peratiotbs wliilst we remaind ont th
efensive, inactive and tranquil; nd we
hould avpiOl all the contingences of mis
irrune to tvhichli all' zlrvadig narmieo
re liable, and savei thoustarde of gahiia"
,le lives,' which "would otsherwise P fall
ricrifices'by battle, disease, 'exposure
re our' termps of peluce, vthfei youv choose
egoniate---untif' then we 'shel[ retoldu.
ossessianof all "your- 'sa ports - and
ouitintib -tp cplleci~all the'b'Ovenulufrbrt
fiports, alloi ng.I ie"'access ttad
noa~d in the ' interior-we shaill pot
ettired tfirst of the jili' s".we0areper=.
Pcrly:williii to. continueo one, o'r' fe or
iyears-'we i' epp 3 bhii le
P. any length of irni t ',a~"~I
esary, until' ocpi to' terhis~a"
nailsi bridrs~ua theishhl 'hq tthe
AVbigs' ore :riu uhqtt in 't .f
turn a Wbig'piluarof 1IA ' Is~1'h
rate for' Goveradt given 1C 22 'iit;js'
;din of175.. )dodng I.4alloniaedyekti
Joveruor..'"here. wildb 'a:'Whig a
! 1 out of th ", dle !ii'bypna
uly Whig;. ,TIhe fulourng. ,membrs ;of
.iungress N'jitr so far~ bden elcred:Lmwrd,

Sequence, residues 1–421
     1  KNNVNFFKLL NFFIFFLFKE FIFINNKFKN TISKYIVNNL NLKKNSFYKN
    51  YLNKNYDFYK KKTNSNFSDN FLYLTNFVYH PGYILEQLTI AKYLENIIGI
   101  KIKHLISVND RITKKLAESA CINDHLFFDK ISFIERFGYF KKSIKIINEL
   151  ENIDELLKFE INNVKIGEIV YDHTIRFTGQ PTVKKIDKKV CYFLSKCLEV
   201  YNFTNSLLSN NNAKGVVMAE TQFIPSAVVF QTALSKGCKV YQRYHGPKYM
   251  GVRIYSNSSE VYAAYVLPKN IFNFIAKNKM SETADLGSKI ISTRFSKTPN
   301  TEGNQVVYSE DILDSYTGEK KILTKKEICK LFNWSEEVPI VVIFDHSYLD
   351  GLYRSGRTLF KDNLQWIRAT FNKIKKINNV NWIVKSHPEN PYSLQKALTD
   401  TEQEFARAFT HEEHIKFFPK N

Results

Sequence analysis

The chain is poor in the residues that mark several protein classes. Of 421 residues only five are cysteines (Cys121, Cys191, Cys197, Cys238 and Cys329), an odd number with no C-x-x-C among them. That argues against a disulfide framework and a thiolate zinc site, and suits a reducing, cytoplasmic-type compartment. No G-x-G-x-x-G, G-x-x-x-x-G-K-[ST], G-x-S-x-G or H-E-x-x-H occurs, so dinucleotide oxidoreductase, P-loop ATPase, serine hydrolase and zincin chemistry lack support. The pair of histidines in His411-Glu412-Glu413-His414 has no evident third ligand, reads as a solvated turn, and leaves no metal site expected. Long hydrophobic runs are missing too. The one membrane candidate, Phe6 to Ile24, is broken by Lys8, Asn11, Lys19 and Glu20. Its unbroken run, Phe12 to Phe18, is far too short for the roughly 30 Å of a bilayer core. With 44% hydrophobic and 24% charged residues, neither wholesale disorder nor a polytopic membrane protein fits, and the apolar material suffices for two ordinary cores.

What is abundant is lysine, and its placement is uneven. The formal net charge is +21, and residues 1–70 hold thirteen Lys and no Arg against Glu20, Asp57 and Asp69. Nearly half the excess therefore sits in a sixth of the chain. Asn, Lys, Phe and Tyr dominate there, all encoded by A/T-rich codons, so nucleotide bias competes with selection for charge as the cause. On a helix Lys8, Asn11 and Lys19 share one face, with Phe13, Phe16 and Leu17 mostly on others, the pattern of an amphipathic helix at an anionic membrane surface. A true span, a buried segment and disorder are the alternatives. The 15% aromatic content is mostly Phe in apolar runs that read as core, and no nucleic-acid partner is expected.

l urphy; Nt nil, Mac y; uj.'wD
iTincrit nd Thllund' , Y~ie~yad
lail, Puthani aia Htui--..Whig.:
In the Senste6 Wfiiggl.2 Democratt
ir elected, in thE. fr1sseinbly 574Vhp,
(9 Demei'rats and in) Angi-Rougiter,. '.'
Th'iendiiG'onsituion, it i. 1&&, ii(
ittified but the provision for blacksu1rsge
ag been Iis.' ..
Fain her retbus fraiu.fNew York gvo
ntinued accounts of the trnipusol the
Vhig-74~ Whigs and 5e Deuiitcrits urq
lected to the Assemlily....Tb&;Wlig, if
isaid,'/il lfavm 4i majority' oftid' if.eI
~ssenbly. and 8 liy joint ballot. h e
eturns ieceived ,girbs large vote in favor,
f rhjo amended Consthlibn'."T TbNdo
uflrage bill is lost by an imrmease mM
ority. . ., , ,.
'N ew Jersey Elecziou.-The ' Vhg'ii'
iray has increased Ini this Stoat; 8ii'.a
utuonut Wh ig medhbel" hus: bit !.1dti 4
6' (Jongres; ' in the- 8&nmt'thr'*hk ^ae'